So you are wrong AGAIN... and never seem to get tired of being wrong..
It was a serial production model... This means the worse possible thing happened.
Now The Su-57 program will be delayed .. probably for at least 1 year.. being generous..
it could be more 2 or 3 years if was using the final engine !!..
You seem to not understand how product development works... there has never been a plane like the Su-57 build before... it is new... so they have to test it and check things to make sure their plans and design actually work in reality the way they expect and hope they will work.
There are literally hundreds of thousands of components and systems that all have to work and interact together in the final product and there is actually no way to be sure that any design is good enough till something bad happens... how many years was Concord in operation before they found out the hard way that placing fuel tanks where shredded tire material can rupture them if they fail is a bad idea...
Looking back now it seems obvious, but no one said anything.
The fact is that finding a problem now before they start serial production is the best possible result they could realistically hope for.
Compare with the F-35 programme where literally hundreds of problems have been found but not solved because the pressure is to get it into mass production to try to drive the purchase price down... problems including potentially fatal problems with the oxygen generation system which effects most of their new jet fighters... and they don't seem to have any realistic or practical solutions... that is really serious...
IT remains to be seen what engine the plane was using if the final one or the temporary old one
they modified from a fourth generation sukhoy Su-27/30
Ahhh get over yourself... the engine they are using is a good engine... the new more powerful engine is a bit more ambitious and is really intended as an upgrade some years after the aircraft enters service to boost performance at a time when most planes tend to get heavier and lose their flight performance edge because there is no engine power boost that can be applied easily enough to balance the weight increase.
The F-14A had terrible engines in comparison... they were bloody awful... they were not intended for a fighter aircraft for use in dogfights... it wasn't till the 1990s when the F-14D got its new engines it actually became a decent aircraft but they had already decided to replace it with the F-18 which was supposed to be cheaper and multirole but ended up being much more expensive...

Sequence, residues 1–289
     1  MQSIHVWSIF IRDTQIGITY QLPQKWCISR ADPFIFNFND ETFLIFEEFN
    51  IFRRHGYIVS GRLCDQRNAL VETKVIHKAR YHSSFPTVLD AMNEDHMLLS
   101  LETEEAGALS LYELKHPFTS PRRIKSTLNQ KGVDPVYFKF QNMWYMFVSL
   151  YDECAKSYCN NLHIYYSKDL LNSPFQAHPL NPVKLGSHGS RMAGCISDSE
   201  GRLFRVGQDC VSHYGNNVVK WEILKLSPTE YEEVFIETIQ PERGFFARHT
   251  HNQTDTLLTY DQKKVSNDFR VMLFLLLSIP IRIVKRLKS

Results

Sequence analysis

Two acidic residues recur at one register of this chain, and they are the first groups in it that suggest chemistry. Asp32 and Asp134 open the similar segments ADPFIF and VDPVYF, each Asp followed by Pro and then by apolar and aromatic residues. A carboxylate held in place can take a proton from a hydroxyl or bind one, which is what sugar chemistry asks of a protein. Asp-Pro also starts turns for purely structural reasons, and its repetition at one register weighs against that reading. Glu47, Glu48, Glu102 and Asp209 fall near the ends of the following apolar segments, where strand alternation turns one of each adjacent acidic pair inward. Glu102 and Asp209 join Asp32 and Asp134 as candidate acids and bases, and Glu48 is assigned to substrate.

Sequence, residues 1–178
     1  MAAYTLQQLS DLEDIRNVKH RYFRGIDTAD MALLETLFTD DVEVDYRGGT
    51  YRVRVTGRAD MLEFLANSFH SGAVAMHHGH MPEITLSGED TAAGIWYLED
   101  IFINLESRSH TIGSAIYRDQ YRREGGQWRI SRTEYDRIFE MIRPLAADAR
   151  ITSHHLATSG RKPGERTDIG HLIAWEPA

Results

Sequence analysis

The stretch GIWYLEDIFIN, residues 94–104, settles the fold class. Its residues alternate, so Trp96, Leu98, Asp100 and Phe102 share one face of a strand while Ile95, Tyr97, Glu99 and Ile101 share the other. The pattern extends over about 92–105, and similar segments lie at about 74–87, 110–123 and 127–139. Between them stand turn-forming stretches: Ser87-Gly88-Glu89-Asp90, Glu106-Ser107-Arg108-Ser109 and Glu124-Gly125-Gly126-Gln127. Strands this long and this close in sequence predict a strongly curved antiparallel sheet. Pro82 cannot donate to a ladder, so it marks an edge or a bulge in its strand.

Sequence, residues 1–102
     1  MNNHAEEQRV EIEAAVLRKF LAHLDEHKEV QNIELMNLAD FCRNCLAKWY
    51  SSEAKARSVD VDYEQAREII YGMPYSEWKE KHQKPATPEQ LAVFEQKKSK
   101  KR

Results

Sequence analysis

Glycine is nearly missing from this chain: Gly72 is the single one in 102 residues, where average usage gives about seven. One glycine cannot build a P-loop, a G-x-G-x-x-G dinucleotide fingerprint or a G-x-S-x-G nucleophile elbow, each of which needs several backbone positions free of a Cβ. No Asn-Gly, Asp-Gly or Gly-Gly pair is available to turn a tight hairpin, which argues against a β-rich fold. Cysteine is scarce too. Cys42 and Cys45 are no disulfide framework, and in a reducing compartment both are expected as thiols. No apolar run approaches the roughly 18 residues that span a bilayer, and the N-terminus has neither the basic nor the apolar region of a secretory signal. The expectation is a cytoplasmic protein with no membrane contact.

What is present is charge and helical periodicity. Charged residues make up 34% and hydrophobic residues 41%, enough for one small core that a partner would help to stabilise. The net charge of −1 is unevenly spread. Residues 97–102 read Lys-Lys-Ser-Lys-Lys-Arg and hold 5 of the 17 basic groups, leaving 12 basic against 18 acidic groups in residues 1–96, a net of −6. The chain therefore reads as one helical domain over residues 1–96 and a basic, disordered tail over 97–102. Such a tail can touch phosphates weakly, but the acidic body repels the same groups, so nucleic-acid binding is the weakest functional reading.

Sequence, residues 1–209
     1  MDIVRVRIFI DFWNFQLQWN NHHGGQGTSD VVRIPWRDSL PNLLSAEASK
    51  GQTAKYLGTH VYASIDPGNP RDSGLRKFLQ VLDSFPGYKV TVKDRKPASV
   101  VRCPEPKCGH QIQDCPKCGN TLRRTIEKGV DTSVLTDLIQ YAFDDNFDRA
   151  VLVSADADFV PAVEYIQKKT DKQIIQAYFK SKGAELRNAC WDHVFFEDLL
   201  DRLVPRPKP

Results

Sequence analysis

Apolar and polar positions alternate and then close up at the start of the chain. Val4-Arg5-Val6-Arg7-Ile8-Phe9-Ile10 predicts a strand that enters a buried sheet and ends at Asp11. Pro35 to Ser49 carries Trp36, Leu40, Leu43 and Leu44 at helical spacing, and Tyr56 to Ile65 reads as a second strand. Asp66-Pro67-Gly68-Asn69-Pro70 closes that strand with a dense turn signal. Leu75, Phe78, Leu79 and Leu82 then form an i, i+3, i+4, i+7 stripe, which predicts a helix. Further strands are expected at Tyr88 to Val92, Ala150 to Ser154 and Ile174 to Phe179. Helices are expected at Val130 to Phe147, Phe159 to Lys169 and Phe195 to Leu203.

Is not a big deal for me.. the real big thing for Russia airforce will be Mig-41 ,which will be
the most valuable player in a full scale war vs NATO.. Mig-41 , Tu-160m modernized and Pak-DA
are the big planes ,that more impact will do in a war.. ie. the nuclear carriers of long range hypersonic missiles..
The Su-57 with its current engine is a serious step up from the Su-35 and should be better than the F-22 in most areas... with its upgraded engine it will be even better. What is there to be upset about?
The Russian Air Force will benefit from having a range of aircraft... Su-57, Su-35, MiG-35, each have different cost and performance niches offering different capabilities that will be useful and used without costing anything like what a single F-35 costs to buy or to operate.
American taxpayers would be so jealous if they understood and were given accurate information about the current situation... but they are kept in the dark... to prevent outrage and riots.
It is actually irrelevant. Russia's counter to NATO numerical and technological superiority is its counter-strike capability, both conventional and more importantly nuclear. The U.S. was not even keen to take on North Korea with its very limited capability.
Exactly... the Su-57 is not supposed to be the cheap numbers plane that replaces all other fighters in the Russian inventory and is intended to face off against 3.500 NATO F-35s. Russia actually has a working fully operational integrated air defence network and a force of Su-57s will form the stealthy fighter component of that force that will use radars and other sensors and aircraft and satellites etc etc to deal with any external threats... even if you offered to give them free of charge right now 3,500 Su-57s I doubt they would accept because they would have no peace time use for such numbers let alone the resources and infrastructure to support or operate such a force...